Cowpea (Vigna unguiculata), the second most consumed legume in Ghana, has production deficit to meet consumption demands, a challenge which is fundamentally due to the traits of cowpea genotypes developed locally compared to consumer preferences for traits such as large, white or cream-seeded cowpea mostly imported from neighbouring countries. One way of increasing the demand for seeds of improved cowpea vairieties is through the development of farmer and consumer-preferred varieties that also possess multiple desirable traits and serve the needs of farmers, such as for intercropping. The need to develop consumer and farmer-preferred varieties, also known as market oriented varieties, calls for studies which interract with these key industry players to identify their preferences for some specific traits to be found in new and improved varieties rather than plant breeders only inviting farmers during the final variety release stage by which time farmers are forced to choose varieties out of the ones present at the time of release. The seed system in Ghana should to have private sector involvement and this would be a win for all industry players. However, there is a need to regulate these private sector players to ensure that set standards are maintained and farmers are not exploited. Though the cowpea seed system in Ghana is faced with a number of challenges, it still shows a high potential if there is increased government funding and strict enforcement of regulations rather than the over reliance on donor agencies for such exercises.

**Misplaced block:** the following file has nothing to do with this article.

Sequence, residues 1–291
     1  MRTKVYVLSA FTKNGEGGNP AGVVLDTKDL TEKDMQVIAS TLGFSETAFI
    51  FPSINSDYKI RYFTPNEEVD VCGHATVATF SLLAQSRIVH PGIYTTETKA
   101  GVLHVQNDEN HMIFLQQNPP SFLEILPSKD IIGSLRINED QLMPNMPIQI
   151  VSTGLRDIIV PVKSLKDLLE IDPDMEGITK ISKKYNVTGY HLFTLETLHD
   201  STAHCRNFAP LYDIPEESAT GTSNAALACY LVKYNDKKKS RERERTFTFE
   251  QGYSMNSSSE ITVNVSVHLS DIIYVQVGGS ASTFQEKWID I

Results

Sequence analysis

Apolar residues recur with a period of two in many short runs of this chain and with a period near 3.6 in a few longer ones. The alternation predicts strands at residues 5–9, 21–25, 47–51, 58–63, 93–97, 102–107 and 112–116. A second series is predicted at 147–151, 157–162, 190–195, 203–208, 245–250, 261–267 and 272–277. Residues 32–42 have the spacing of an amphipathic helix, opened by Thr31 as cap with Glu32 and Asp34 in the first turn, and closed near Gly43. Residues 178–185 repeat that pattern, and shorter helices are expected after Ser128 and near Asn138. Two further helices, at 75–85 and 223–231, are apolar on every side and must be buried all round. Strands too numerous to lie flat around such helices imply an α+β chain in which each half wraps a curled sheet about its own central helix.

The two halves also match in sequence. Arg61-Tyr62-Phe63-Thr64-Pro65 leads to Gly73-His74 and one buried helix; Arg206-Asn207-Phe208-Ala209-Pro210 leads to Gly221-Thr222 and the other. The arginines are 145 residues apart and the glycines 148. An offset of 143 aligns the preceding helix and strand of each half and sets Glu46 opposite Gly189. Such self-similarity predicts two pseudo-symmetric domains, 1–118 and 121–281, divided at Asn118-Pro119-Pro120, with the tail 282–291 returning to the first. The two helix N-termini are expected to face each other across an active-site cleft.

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RUFORUM Working document series
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